Spain's Prime Minister Jose Luis Rodriguez Zapatero on Thursday welcomed figures showing that jobless queues, which have whipped up a nationwide protest movement, shrank in May.
The number of job seekers declined 1.87 percent from the previous month to 4.19 million in May, the Labour Ministry figures showed.
The figure was up 3.04 percent from a year earlier, however.
"The figure is undoubtedly positive," Zapatero said in an interview with Spanish public radio.
"We are entering into better months for employment," the prime minister added. "We hope this trend will consolidate and intensify in the last months of the year and the start of 2012."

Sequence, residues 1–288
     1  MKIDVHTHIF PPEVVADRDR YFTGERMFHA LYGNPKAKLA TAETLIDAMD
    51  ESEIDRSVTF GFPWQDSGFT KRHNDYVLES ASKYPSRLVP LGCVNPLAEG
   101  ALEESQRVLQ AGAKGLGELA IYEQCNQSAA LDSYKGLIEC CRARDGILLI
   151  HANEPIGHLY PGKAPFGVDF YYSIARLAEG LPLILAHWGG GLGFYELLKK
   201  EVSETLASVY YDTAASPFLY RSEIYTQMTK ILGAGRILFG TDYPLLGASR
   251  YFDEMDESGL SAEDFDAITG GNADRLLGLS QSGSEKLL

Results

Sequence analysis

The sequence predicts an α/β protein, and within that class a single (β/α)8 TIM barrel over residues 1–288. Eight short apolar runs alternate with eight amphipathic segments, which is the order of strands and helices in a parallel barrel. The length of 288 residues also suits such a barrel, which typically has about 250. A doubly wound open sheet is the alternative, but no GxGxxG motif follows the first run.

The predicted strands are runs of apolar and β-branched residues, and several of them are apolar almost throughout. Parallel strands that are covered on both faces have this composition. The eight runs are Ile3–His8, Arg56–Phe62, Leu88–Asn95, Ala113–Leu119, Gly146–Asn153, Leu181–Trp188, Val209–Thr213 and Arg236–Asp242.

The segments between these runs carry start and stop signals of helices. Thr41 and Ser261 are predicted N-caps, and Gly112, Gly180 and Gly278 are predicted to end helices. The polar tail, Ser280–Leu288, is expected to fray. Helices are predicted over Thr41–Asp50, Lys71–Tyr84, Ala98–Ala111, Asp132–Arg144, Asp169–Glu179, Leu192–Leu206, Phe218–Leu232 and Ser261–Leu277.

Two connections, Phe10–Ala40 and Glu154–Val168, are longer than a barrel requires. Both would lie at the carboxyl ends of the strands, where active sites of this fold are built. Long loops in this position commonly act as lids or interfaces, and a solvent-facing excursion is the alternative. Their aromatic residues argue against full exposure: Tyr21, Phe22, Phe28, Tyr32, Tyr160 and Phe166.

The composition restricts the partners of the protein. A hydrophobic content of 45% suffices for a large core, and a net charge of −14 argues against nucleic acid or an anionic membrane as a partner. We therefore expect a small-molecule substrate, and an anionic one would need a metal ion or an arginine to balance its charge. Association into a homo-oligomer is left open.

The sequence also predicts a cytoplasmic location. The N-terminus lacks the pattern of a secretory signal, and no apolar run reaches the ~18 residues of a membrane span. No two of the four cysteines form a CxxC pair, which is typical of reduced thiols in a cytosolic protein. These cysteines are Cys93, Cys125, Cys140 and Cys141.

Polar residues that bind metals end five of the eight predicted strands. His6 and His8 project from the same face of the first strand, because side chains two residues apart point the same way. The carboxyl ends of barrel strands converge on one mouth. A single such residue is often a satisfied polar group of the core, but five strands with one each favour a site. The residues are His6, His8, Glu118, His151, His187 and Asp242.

The ranks of the unemployed had peaked in March at 4.33 million people, the highest number since the figures were first collated in their current format in 1996.
Spain's unemployment rate hit 21.29 percent in the first quarter of 2011, the highest in the industrialized world, the National Statistics Institute said earlier.
Protesters angered by unemployment, political corruption and welfare cuts have occupied city centre squares across Spain in a movement that erupted May 15.
Known as "the indignant", "M-15" and "Spanish Revolution", the rallies peaked with tens of thousands protesting on the eve of Spain's May 22 local elections, in which the ruling Socialists were hammered by the conservative Popular Party